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Moveon/FreePress are now whining about US postal rates too!

I stumbled upon some more powerful evidence that the SaveTheInternet coalition of 800+ organizations who back net neutrality -- are just special interests looking for a self-serving subsidy handout from the government.

I previously blogged on my theory that the 800+ organizations backing SaveTheInternet cynically know that their members are not really at risk on the Internet from "blocking" etc., but that their organization's cost structures are at risk because they have become addicted to subsidized cheap blast emails.

  •  Put more simply, Moveon.org doesn't want to pay anymore than anyone else, even though they consume tons more Internet bandwidth than the people they supposedly serve.
  • Think about it. How many average users blast emails regularly to 3 MILLION people! Only spammers blast out emails to that wide of a distribution.
    • Then think about how much more bandwidth is required to send out 3 million blast video emails to the Moveon.org email list than is required to send 3 million text emails.

I suspect the other 800+ organizations in SaveTheInternet coalition have made the same self serving calculus, but love to hide behind the populist "human shield" of supposedly looking out for the American consumer.   

Like any other special interest, these SaveTheInternet organizational supporters are lobbying for net neutrality for self-serving reasons, i.e. a law/regulation that would ensure their cost of email distribution would never go up. What a deal!

NAACP official slams net neutrality effect on low-income consumers

I wanted to be sure folks saw what Greg Moore, Executive Director of the National NAACP Voter Fund said recently on net neutrality in a commentary piece in the Asbury Park Press

  • "Given the proven impact of broadband prices on its adoption, policies that increase the cost to users should be forbidden. Now, some well-intentioned online activists are pushing regulations called "net neutrality," which would keep costs low for the large Internet content companies but shift the costs of network expansion mostly to consumers."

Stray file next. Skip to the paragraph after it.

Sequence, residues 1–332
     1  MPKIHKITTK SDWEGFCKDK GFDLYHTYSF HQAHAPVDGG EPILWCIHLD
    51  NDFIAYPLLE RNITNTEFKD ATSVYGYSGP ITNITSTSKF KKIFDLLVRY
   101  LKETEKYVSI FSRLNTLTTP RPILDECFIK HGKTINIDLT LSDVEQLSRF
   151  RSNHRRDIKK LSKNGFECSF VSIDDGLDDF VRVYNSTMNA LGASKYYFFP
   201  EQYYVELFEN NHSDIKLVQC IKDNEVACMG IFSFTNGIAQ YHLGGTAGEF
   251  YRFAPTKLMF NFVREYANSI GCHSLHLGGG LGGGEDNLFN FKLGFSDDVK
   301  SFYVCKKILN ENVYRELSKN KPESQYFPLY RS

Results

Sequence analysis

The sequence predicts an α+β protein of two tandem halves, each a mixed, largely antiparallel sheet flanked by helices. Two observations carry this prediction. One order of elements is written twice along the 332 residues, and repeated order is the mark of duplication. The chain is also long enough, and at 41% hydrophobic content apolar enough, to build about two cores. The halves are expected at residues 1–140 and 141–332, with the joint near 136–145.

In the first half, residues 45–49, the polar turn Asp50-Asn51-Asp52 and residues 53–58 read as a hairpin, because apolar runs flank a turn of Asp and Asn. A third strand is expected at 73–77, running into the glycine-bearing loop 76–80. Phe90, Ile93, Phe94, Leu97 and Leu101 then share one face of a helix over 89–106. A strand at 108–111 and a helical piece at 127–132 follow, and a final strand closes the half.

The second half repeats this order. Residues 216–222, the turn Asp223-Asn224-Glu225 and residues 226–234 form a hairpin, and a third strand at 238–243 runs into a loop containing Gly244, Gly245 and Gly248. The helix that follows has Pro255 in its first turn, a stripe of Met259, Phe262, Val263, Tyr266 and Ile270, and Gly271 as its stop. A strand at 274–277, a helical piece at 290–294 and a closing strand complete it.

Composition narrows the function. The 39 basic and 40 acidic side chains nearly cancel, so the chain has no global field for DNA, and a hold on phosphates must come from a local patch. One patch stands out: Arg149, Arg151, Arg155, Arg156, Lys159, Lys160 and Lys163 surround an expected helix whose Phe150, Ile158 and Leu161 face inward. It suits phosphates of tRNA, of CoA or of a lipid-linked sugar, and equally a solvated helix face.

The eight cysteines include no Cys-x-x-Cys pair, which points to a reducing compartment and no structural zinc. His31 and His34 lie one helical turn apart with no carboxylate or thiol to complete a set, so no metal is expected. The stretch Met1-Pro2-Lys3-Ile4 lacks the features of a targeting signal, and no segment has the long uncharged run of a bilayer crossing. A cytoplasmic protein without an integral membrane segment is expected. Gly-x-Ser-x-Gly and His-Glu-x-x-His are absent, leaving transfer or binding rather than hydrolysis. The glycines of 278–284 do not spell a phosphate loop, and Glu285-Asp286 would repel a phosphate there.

• "The effects could be disastrous for low-income and minority communities, pricing them out of the broadband market by guaranteeing a free ride to companies such as Google and eBay while shifting costs for broadband expansion back to consumers. Although net neutrality activists claim to be protecting free speech, net neutrality regulations would effectively silence many minority voices, as low-income communities drop off the online landscape because they can't afford the price of admission."

Extremely well said!

"National" broadband policy a stalking horse for regulating Internet

Watch out when Big Government advocates call for a "national" anything!

  • House Telecom Chairman Ed Markey is calling for a "national broadband map."
  • Senator Rockefeller (WV) and others are calling for a "national broadband plan."  

Egads! 

A "national broadband plan" is a codeword for a 1970's-style government "industrial policy" where the government decides what technologies consumers get and which companies will succeed of fail. 

  • Industrial policies proved economically disastrous -- and thankfully were abandoned in the US -- allowing our economy to flourish.
    • Look no further than the mess of the current French economy, which is the world's petri dish for "national" industrial policies. 
    • Their economy and employment situation is one of the leading basketcases of Europe.

My first big problem with this "national" thinking is that there is no national broadband problem.

  • The US has more facilites-based broadband deployment, investment and competition nationally than any other country -- by a wide margin.
  • Is deployment perfect nationwide? of course not.
    • If there is a broadband problem it is in some isolated rural areas.
    • We may have a "rural" broadband problem but not a "national" broadband problem!

My second big problem is Senator Rockefeller's call for a new "national" goal of 10Mbps broadband by 2010 and 100 Mbps by 2015.

Excellent ACI study proves how net neutrality harms consumers

Kudos to Steve Pociask of the American Consumer Institute on his excellent paper on: "Net Neutrality and the Effects on Consumers."

  • It should be required reading for all consumer groups.
  • It exposes how net neutrality does not benefit the average American consumer, but benefits special interests like high-volume Internet users... like consumer "groups."   

Steve's clear, insightful, and easy-to-read paper explains how net neutrality would harm consumers by:

The Economist's global digital rankings differ from OECD's rankings